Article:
After weeks of sweating the complexities of money in Burma, it turned out to be pretty straightforward. Formerly, travelers had to juggle three currencies to get by.
To start, one needed kyat (pronounced ‘chat’), Burma’s everyday currency, to buy food, pay for some, but not all, transportation and to purchase souvenirs. One must be judicious when acquiring kyat. With Myanmar’s position as a naughty sanctioned nation, the rest of the world does not recognize this currency, so if you don’t spend it, it becomes a worthless souvenir as soon as you leave the country.
One also needed a stack of US dollars which served as a general fall-back currency, used to pay for hotel rooms, domestic plane tickets and industrious tourist touts.
Finally, there were FECs (Foreign Exchange Certificates), a kind of pretend currency invented by the government for the sole purpose of padding their pockets with tourist cash without actually having to do anything.
Independent tourists were required to purchase US$200 worth of FECs upon arrival in Burma, which they in turn could only spend at a precious few government-approved hotels, tour companies and transportation conglomerates. No sane person in Myanmar would exchange FECs back to dollars for you, so if you didn’t give these government-backed businesses your patronage you’d end up going home with a pile of useless currency. Although it goes directly against the spirit of the junta to make life less complicated for anyone, they generously dropped the US$200 mandatory purchase rule in 2003. FECs have since quietly dropped off the radar.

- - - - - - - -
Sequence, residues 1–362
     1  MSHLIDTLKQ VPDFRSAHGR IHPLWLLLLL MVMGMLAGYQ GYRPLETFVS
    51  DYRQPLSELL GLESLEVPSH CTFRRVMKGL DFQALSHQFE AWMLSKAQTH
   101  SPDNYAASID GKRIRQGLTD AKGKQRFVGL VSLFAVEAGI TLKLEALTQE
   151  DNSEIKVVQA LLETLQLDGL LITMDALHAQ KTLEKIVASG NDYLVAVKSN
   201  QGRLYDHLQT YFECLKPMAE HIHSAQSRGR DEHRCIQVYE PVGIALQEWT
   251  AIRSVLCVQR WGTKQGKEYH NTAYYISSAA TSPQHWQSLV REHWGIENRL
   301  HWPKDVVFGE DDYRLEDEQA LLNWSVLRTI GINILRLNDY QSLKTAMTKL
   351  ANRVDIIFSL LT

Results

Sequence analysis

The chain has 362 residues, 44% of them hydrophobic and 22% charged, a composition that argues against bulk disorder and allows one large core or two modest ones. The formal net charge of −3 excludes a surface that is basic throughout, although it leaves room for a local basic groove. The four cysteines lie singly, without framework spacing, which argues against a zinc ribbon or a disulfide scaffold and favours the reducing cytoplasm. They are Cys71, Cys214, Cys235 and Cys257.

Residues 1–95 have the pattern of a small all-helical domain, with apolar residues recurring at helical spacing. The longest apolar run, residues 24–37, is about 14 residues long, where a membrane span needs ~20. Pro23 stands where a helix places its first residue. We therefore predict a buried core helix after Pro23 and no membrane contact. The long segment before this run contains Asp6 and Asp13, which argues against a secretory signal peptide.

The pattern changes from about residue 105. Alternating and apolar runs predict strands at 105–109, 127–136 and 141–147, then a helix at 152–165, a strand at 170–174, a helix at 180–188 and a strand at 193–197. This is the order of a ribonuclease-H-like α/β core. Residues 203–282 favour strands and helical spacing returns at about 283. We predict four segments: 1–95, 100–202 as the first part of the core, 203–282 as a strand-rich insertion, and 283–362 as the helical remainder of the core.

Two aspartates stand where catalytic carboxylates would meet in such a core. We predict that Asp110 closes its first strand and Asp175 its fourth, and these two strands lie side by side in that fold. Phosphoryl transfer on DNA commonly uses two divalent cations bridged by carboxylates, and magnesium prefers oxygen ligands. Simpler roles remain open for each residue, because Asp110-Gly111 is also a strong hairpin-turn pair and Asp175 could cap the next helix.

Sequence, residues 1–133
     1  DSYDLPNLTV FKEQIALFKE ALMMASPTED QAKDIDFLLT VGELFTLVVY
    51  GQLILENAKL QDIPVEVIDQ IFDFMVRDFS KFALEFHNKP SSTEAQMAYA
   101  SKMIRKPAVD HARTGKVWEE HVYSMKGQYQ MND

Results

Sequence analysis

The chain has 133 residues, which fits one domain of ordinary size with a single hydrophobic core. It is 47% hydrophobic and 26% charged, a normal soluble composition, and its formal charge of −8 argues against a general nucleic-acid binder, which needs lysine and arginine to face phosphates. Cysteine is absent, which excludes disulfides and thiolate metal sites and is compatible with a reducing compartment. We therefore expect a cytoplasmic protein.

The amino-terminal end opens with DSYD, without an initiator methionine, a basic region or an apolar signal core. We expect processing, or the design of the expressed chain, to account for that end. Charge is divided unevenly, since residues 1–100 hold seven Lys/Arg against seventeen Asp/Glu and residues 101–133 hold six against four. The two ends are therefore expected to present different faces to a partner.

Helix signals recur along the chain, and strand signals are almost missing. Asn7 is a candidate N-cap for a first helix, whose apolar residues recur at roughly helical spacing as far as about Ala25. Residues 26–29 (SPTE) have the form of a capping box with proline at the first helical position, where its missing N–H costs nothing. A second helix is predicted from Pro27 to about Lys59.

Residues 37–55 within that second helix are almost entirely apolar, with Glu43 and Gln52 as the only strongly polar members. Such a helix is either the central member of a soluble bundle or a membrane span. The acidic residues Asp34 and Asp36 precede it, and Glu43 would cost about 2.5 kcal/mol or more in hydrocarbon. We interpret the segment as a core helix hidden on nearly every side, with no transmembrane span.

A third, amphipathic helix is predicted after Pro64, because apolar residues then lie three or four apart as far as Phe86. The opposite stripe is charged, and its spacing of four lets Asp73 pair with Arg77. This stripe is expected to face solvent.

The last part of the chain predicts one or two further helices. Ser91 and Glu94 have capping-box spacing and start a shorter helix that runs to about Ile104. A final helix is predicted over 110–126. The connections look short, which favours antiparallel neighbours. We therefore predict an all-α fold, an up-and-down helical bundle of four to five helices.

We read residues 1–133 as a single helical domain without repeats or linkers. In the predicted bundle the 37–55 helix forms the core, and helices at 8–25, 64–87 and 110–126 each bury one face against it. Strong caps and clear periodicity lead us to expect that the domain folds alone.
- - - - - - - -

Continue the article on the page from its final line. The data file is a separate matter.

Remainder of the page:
As for exchanging US dollars into kyat in Yangon, I soon learned that in order to get the best exchange rate, I needed to walk into the center of town and accost one of the jewelry merchants in the dubiously named Black Market. I was assured that this was just a name and that nothing truly unlawful was going down.
At the market, sure enough, I found many takers for a US dollar cash exchange. I ambitiously changed a hundred dollar bill and was presented with a rubber banded stack of 92 crisp, new, 1,000 kyat notes as thick as my thumb. It turns out that the 1,000 kyat note (about US$1.10 in 2005) is the largest denomination.
Have you ever tried to shove 92 bills into your wallet? Give it a try. Yes, right now. How’d it go? It was like trying to fold a Reader’s Digest in there, wasn’t it?
I stood there for a moment staring at this gangsta wad of money. Finally, I peeled 10 notes off the top, put them in my wallet and shoved the rest into my day bag, which I held onto with a death-grip for the rest of the afternoon.
[Thanks to Mike and Laura Gaffney for the kyat picture (that I stole).]
- Read the previous post in this series: The current regime sucks, obviously, but that’s beside the point
- Read the next post in this series: Instant celebrity
Leif Pettersen, originally from Minneapolis, Minnesota, contributed three stories to the upcoming anthology “To Myanmar (Burma) With Love: A Connoisseur’s Guide” published by Things Asian Press. His personal blog, Killing Batteries, and his staggeringly vast travelogue could fill a lifetime of unauthorized work breaks, if one were so inclined.